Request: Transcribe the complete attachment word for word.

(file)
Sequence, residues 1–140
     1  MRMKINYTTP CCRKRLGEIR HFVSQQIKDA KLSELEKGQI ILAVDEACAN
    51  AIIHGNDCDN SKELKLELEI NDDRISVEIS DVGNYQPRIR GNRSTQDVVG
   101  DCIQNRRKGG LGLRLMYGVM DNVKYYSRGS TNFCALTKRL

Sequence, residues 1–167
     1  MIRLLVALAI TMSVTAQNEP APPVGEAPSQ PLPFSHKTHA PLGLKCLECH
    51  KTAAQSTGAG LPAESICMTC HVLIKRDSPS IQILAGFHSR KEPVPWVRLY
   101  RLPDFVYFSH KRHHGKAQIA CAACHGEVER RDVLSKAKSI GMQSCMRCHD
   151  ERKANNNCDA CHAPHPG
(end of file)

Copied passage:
Sequence, residues 1–140
     1  MRMKINYTTP CCRKRLGEIR HFVSQQIKDA KLSELEKGQI ILAVDEACAN
    51  AIIHGNDCDN SKELKLELEI NDDRISVEIS DVGNYQPRIR GNRSTQDVVG
   101  DCIQNRRKGG LGLRLMYGVM DNVKYYSRGS TNFCALTKRL

Sequence, residues 1–167
     1  MIRLLVALAI TMSVTAQNEP APPVGEAPSQ PLPFSHKTHA PLGLKCLECH
    51  KTAAQSTGAG LPAESICMTC HVLIKRDSPS IQILAGFHSR KEPVPWVRLY
   101  RLPDFVYFSH KRHHGKAQIA CAACHGEVER RDVLSKAKSI GMQSCMRCHD
   151  ERKANNNCDA CHAPHPG